A Collector’s Guide to Japanese Prints

1/11/2019     News Stories & Press Release, Chinese, Japanese & South East Asian Art


Utagawa Yoshiiku, Japanese 1833-1904, The great battle of Yashima in the Genpei War, 1860, complete triptych woodblock print in colours

Japanese woodblock prints invite the viewer to step back in time, to observe the culture, fashion and landscapes of 19th century Japan. The prints span five key genres landscapes, actors & plays, beauties, birds & flowers, and historical scenes. Woodblock prints have become emblematic of traditional Japanese culture and intricate design, as innovative artists and expert craftsmen come together to create beautiful, timeless works of art.

 

Japanese woodblock prints were originally made in large numbers for mass consumption, a way of letting the public engage with great poets and artists of the time. Auction houses, galleries and collectors consider prints to be original as long as they were produced within the artist’s lifetime, and usually feature the artists seal and signature, which was hand carved into the block and not executed by the artists hand. Some blocks outlived their originator and as such you may come across a later print produced from the same blocks. Japanese craftsman continue to train in the art of woodblock printing, and reputable groups like the Institute of Woodcut Prints have replicated the original blocks to create stunning reproductions that reflect how the original work would have once been.

Lot 478 is a fine example of a stunning reproduction. After Toshusai Sharaku, Japanese active 1794-95, Actor Matsumoto Koshiro IV as Gorobei the Fishmonger, from the pay Katakiuchi Noriiai-Banashi,1960, woodblock print with mica ground, published by the Institute of Woodcut Prints.

Here Elizabeth Wormald, cataloguing assistant with expertise in Japanese art explains what to look out for when collecting Japanese prints.

 

Age, Rarity and Condition

Japanese prints vary in price in accordance with several factors, namely artist, age, rarity, and condition. Woodblock prints were initially designed for mass consumption; to be pinned to walls and passed around the homes of common folk. Thanks to these humble beginnings many prints were not treated with the same level of care as we do now, and amongst those that remain, you are sure to find a few folded and dog-eared examples. Though some may enjoy a print with a little Edo period grime, tastes vary, and this can pose a particular challenge for those hunting down classic prints. If you’re looking for a sharp and vivid print, focus on finding later prints by the same artist, produced toward the end of their life. Later printings tend to improve a prints condition, but you may have to sacrifice rarity and the prestige of an artist’s early works. The great variation of artist, age, rarity and condition mean that it’s fairly easy to snap up 19th century prints with a well-known name for less than £200. Finding an old print, by a renowned artist in good condition is by no means impossible, though these rare examples will come with a heavier estimate.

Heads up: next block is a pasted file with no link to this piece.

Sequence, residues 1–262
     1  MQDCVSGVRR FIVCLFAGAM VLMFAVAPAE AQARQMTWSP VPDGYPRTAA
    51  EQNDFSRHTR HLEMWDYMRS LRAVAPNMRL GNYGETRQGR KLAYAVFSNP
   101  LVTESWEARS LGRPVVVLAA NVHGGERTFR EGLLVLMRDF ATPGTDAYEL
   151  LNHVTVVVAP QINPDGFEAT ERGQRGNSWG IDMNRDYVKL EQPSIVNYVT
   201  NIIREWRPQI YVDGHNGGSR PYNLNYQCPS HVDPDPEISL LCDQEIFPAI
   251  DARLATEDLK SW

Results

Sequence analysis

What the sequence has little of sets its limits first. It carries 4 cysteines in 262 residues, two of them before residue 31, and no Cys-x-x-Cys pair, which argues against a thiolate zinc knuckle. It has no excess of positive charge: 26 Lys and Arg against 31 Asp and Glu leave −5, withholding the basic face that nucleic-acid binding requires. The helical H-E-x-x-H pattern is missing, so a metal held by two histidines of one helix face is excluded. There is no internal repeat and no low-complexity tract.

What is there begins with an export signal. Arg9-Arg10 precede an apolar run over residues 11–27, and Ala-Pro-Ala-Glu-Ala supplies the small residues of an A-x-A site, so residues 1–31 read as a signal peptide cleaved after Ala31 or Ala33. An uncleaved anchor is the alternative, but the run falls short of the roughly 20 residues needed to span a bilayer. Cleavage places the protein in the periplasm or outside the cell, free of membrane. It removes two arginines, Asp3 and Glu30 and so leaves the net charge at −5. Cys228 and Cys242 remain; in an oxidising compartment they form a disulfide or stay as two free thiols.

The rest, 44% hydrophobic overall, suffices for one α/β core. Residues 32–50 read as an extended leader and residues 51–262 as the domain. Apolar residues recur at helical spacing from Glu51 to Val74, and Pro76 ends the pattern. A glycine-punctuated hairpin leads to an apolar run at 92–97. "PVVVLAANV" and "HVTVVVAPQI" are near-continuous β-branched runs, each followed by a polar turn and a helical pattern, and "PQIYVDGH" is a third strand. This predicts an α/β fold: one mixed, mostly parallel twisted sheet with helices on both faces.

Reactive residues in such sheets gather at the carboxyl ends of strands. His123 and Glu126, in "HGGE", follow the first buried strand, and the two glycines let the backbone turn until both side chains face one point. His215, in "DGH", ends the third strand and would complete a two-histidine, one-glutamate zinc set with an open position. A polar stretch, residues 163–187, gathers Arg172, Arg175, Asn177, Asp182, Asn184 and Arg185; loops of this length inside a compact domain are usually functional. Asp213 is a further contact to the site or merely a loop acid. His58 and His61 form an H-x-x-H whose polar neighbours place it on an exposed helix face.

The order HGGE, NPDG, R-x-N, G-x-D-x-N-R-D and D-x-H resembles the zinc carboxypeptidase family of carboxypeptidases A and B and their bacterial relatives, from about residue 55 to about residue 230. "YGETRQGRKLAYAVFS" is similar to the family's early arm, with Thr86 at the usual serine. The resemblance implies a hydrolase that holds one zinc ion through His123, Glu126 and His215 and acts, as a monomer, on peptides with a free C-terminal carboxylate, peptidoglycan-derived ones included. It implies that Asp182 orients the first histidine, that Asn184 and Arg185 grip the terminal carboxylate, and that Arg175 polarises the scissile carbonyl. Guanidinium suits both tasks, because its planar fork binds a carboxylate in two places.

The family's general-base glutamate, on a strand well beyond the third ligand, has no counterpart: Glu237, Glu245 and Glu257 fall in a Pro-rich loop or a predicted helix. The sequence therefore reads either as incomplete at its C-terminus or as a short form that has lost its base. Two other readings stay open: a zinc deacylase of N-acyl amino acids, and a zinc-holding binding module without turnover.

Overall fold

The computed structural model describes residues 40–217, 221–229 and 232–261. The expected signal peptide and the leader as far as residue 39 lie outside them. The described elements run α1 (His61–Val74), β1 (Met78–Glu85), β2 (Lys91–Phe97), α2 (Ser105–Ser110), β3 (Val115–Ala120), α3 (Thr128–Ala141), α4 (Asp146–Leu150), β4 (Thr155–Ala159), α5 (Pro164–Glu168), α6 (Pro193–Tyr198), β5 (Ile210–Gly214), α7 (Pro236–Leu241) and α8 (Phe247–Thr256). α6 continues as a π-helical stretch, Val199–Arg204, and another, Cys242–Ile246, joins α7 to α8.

Utagawa Kunisada, Japanese 1823-1880, No. 1 Kiritsubo, 1857 1st month, from the series Murasaki Shikibu’s Genji Cards, woodblock print  

 

Surimono

Unlike the average mass produced woodblock print, Surimono can offer the buyer a more exclusive and rare print. Surimono are a subgenre of Japanese woodblock prints which were published privately, sometimes used as gifts distributed inside private circles, never to be sold to the general public. Most surimono combine the art of the print and the poem, these would have been commissioned by the poet themselves and then distributed amongst their closed poetry circle, as in lot 504, which features poems by Gyokkaso Maruzumi and Kumodori Wataori. Thanks to surimono being an entirely private affair with little concern for economic cost, the prints were produced used the finest papers, pigments and techniques of the day. Surimono are usually produced as shikishiban, a small size, around 19 x 21.5cm, but occasionally rare large prints are seen, as in our upcoming Asian sale lots 483, 484and 497. Many works feature embossing, metallic pigments and mica, as seen in the kimono of the flute player in lot 506, making them luxurious and highly collectable.

 


Utagawa Yoshikazu, Japanese active ca.1850-70, A Foreign Residence in Yokohama, 1861 1st month, woodblock print in colours, two panels from triptych

Shinhanga

Shinhanga, or new woodblock prints, tend to get overlooked in favour of their more well-known predecessors. Shinhanga developed in the early 20th century rooted in earlier traditions carved out by eminent artists such as Katsushika Hokusai and Utagawa Hiroshige. Most shinhanga works use western perspectives to depict classical Japanese scenes and use modern paper and pigments creating sharp and clear impressions. The artists tended to train through art schools and therefore had an in depth understanding of both Japanese and western art. These are great prints for those looking for Japanese work in good condition and enjoy the delicate balance of Japanese and Western art.

 

For more information on the upcoming Chinese, Japanese & South East Asian auction contact the Head of Department Bill Forrest.

 

 

 

 

 

 

 

 

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